C. diff Epidemic: What You Must Know
Why C. diff Is Spreading, Why It's More Deadly, How to Protect Your Family
WebMD News Archive
Who is at risk?
More than nine out of 10 hospital infections with C. diff occur in people who have received antibiotic treatment.
But community-acquired C. diff does not depend on antibiotics. The CDC's McDonald says there's evidence that 30% to 40% of community-acquired cases are in people not suffering a current or recent medical problem.
Fluoroquinolone antibiotics are most strongly linked to C. diff disease. Risk is also higher for patients who receive multiple antibiotics and for patients who receive longer courses of antibiotic treatment.
Other risk factors include:
- Age over 65
- Severe illness
- Nasogastric intubation
- Anti-ulcer medications. There is conflicting evidence on this.
- Long hospital stays, particularly in long-term-care facilities
It's not at all clear how long it takes to get C. diff disease after you've ingested the spores. One study that performed a series of cultures in hospital patients showed that patients who had C. diff disease were not infected the week before.
This suggests incubation can occur in less than seven days. But another study found an increased risk of C. diff disease throughout the first four weeks after leaving the hospital.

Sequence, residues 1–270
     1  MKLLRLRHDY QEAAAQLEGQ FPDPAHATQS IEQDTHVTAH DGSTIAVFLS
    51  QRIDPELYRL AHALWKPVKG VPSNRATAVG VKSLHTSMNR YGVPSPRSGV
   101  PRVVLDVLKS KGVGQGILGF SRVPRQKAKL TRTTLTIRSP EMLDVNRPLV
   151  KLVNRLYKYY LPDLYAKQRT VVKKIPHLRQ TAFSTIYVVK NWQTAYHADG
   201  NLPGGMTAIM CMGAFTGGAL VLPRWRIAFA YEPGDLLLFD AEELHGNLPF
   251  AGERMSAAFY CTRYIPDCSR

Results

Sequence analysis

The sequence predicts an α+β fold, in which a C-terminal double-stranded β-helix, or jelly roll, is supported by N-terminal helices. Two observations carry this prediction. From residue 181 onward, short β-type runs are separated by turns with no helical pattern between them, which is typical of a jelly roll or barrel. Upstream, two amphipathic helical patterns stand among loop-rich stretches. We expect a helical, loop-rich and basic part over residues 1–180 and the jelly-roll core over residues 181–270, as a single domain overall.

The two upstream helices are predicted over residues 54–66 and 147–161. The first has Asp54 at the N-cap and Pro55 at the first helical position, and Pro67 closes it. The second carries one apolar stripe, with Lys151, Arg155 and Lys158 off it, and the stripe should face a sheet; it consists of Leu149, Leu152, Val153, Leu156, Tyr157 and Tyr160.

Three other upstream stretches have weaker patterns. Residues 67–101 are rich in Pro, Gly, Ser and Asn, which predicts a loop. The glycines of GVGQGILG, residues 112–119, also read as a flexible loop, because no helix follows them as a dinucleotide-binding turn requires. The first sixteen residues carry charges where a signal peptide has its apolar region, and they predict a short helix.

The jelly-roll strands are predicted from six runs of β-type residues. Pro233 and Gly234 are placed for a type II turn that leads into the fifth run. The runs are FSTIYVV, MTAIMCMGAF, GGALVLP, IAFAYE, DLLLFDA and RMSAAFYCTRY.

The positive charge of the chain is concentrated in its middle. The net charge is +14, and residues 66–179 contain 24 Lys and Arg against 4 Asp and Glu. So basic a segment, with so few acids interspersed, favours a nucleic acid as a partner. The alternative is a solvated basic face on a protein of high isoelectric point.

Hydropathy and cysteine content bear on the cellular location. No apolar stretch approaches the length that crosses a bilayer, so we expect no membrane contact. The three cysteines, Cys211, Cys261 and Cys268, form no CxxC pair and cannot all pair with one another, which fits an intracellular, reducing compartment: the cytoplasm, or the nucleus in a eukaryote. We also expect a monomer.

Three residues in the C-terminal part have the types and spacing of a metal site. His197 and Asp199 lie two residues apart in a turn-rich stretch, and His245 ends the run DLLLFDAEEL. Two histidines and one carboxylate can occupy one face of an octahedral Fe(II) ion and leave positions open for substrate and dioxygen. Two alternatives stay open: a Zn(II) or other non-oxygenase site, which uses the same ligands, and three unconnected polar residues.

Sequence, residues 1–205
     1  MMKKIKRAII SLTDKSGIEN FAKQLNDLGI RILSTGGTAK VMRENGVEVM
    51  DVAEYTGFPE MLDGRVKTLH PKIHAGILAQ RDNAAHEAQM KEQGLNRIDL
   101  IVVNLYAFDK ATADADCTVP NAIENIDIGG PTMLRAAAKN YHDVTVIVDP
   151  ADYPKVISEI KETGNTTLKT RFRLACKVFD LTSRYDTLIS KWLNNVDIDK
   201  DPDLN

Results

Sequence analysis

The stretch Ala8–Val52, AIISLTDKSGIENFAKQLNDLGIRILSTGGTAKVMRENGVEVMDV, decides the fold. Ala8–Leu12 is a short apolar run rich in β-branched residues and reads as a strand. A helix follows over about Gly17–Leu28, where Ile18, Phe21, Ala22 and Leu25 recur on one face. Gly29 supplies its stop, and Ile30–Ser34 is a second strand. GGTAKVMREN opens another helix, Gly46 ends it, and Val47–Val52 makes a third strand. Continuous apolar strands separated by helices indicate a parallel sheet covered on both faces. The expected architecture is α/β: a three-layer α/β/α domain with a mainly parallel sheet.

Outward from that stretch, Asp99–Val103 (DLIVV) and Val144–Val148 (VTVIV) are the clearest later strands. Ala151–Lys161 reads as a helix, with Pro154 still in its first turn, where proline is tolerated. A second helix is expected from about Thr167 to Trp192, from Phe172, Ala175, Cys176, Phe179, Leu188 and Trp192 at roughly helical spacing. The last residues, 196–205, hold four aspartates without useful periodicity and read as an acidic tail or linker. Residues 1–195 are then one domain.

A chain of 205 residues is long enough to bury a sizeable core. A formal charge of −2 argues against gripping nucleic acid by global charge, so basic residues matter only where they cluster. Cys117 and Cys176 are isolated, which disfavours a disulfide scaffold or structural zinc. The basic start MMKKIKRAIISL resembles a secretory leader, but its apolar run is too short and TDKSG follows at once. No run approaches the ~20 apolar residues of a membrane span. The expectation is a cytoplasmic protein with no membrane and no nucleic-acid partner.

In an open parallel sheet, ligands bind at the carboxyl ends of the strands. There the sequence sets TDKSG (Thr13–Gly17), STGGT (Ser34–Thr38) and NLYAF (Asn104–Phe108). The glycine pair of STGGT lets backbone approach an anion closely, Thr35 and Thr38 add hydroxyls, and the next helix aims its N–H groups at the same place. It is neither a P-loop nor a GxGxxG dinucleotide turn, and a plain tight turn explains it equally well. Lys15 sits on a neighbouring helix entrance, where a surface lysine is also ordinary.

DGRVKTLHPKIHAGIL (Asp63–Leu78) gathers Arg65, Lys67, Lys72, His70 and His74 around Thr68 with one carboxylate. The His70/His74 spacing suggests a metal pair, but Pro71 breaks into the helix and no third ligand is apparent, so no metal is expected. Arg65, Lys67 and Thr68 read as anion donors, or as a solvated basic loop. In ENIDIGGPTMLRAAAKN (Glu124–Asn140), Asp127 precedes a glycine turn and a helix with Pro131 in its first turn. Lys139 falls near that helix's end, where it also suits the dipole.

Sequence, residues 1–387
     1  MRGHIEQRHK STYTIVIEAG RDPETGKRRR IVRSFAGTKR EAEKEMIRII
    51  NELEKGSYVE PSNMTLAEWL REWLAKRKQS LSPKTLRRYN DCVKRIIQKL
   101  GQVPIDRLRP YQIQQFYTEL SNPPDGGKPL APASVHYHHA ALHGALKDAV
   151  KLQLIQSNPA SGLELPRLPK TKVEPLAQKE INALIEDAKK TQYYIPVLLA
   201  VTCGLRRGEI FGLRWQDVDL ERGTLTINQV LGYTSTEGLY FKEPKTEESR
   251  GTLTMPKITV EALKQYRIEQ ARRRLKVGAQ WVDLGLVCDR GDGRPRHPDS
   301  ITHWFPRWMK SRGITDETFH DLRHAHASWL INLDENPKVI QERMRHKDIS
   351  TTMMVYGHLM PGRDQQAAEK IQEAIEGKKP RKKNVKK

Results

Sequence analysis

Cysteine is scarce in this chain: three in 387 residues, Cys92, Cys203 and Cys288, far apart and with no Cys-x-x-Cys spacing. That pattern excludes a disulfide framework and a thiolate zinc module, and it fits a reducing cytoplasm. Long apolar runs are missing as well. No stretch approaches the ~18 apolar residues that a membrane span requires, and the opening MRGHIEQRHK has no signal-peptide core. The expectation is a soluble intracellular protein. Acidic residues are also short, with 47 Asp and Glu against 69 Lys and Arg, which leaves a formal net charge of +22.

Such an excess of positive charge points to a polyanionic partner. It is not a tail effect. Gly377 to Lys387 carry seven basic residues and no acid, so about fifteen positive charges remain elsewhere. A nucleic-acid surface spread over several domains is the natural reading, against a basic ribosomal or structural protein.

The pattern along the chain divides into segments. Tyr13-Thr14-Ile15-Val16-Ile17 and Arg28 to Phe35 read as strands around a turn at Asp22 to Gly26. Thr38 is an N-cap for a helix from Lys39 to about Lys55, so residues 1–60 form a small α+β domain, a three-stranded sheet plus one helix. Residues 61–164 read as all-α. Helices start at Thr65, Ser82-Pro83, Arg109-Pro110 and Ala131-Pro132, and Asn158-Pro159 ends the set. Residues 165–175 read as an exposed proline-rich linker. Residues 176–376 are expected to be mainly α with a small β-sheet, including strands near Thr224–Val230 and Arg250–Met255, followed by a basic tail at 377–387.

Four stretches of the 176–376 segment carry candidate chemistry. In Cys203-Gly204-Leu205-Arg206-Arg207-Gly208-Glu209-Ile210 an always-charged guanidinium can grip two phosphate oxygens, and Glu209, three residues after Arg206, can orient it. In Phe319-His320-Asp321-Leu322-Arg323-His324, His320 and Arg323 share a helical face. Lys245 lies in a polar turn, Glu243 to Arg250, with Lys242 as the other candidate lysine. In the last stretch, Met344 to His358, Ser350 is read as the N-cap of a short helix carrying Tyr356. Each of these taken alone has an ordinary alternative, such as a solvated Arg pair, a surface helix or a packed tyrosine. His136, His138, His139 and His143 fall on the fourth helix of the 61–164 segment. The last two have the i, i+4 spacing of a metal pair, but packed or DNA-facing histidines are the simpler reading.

What are the symptoms of C. diff disease?
Mild C. diff disease starts with mild to moderate diarrhea with no blood in the stool. Sometimes there's cramping in the lower abdomen, too. Other than mild abdominal tenderness, there aren't any other symptoms.
Severe C. diff disease is another matter. It starts with profuse watery diarrhea and abdominal pain. Patients often have fever, nausea, and dehydration. There may be a little blood in the stool, but very bloody stool is rare.
These symptoms usually signal colitis, a serious bowel infection. If the diarrhea stops after severe colitis, it does not necessarily mean you're getting better. It could be a sign of bowl paralysis and a life-threatening condition called toxic megacolon. Most patients with toxic megacolon need surgery -- and 32% to 50% of patients who undergo surgery for C. diff disease die.
Patients with symptoms of C. diff infection should seek immediate medical attention. Mild C. diff disease can progress quickly to severe disease.
Relapse is common after C. diff infection. There's an ongoing debate over whether this is a true relapse or reinfection.
Whatever the cause, 12% to 24% of patients develop a second episode of C. diff disease within two months. Patients who have two or more relapses have a 50% to 65% chance of yet another recurrence.
How is C. diff treated?
Several different stool tests detect C. diff.
Before starting treatment, stopping treatment with whatever antibiotic you've been taking could be enough. Before effective treatments were developed, one study of 20 patients with C. diff colitis eventually recovered after stopping their antibiotic treatment.
However, doctors will almost always treat C. diff infection with antibiotics. Flagyl is the first-line treatment of choice for mild disease, although patients must be followed closely to be sure this treatment works. Vancomycin is an option for treatment for moderate or severe disease.
There is evidence that treatment with probiotics -- good bacteria that repopulate the gut -- makes antibiotic treatment more effective and prevents relapse. Saccharomyces boulardii appears to be particularly effective, although good results have been seen with Lactobacillus species as well.